Murray Bernthal. Is Ketchup The Key To Longevity?

December 13th, 2010 § 2 comments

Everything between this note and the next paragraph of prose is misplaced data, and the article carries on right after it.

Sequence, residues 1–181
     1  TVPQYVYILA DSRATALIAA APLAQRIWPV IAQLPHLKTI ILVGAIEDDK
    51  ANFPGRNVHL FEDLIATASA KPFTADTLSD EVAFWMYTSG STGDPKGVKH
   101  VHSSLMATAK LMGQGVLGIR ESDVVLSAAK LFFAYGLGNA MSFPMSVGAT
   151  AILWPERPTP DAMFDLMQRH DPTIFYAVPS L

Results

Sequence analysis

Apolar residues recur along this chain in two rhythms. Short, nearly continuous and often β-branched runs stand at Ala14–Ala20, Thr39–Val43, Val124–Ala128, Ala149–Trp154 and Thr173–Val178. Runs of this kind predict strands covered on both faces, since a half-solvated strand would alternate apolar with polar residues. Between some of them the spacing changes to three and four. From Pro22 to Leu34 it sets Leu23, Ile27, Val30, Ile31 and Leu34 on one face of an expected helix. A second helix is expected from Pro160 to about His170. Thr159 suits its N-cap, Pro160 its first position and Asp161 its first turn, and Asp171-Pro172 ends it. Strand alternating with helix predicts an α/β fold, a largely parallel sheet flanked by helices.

Murray Bernthal (1911-2010) is gone. The Syracuse,N.Y. music/theater impressario and music educator died a few days ago. Age 99. His daughter, Bobbi Schlesinger,  is HG’s long time friend and a former colleague and collaborator in the nefarious business of public relations, so HG met Murray a number of times.  A remarkable, fortunate guy.  He married well.  Rose,who predeceased him, was a beautiful, stylish elegant, super-smart woman.  A shapely dynamo adorned with bravura false eyelashes, she lit up any room she entered. Their children were Ricky, a very successful lawyer and Bobbi, publicist extraordinaire. Murray left behind a host of accomplished grandchildren and cute great-grandchildren. My favorite of the brood is his grandson, Adam Schlesinger, Academy Award nominee, Broadway composer, member of the “Fountains of Wayne” rock group. Funny and generous (Adam and wife gave me some great couture ties for my last birthday).  Murray was steeped in nachis (the Yiddish word meaning pride in the accomplishments of your family). His professional career was distinguished. He was a prominent member of the Syracuse University music department. In addition, he could also be termed The Impressario of Syracuse. For many decades, as a private entrepreneur, Murray brought to that city the great musicians of our time for concerts. He also attracted the best touring companies of Broadway dramas and musicals. There were many doubters. As if you didn’t know, Syracuse isn’t exactly Paris. Also, weather’s a factor. The city is in the middle of the New York State snow belt and, for many months of the year, it’s worth your life to venture out for the morning mail let alone go to play or a concert. But, Murray (aided by Rose,of course) made it work and year after year brought (at a profit, surprisingly) music, art and enlightenment to Syracusans. No subsidies. No grants. Pure private enterprise. He was recognized and appreciated by his audiences. Murray was an athlete (a talented tennis player, he only stopped playing doubles a few years ago) and a proper gentleman. As young marrieds, Murray and Rose were pals with Bud Wilkinson and wife. Bud was the Syracuse football coach and later achieved great fame as the coach of the invincible Oklahoma Sooners and as an Oklahoma political figure. Murray, recalled with admiration, that Bud, a tough and demanding guy, never sullied his lips with a dirty or profane word. HG did not point out to Murray that his daughter, Bobbi, could use some mighty salty language when circumstances warranted it. So, what has all of this to do with food, HG’s primary interest (obsession) ? Be patient. The Bernthal/Schlesinger clan has some food oddities. Despite her protests, HG knows that Bobbi could live very happily on candy bars, cigarettes and Coca-Cola. As for Murray, he would eat anything but insisted the food be smothered in ketchup. No exceptions. Okay, maybe breakfast cereal and ice cream. There’s a family legend about how a famous chef tried to brain Murray after he covered one of his creations with ketchup. HG has contemplated Murray’s passing at such an old age. Could it be true? Is ketchup the key to longevity? Murray, a remarkable man, will be missed by many. Not, least by the Board Chairman of the H.J. Heinz Company.

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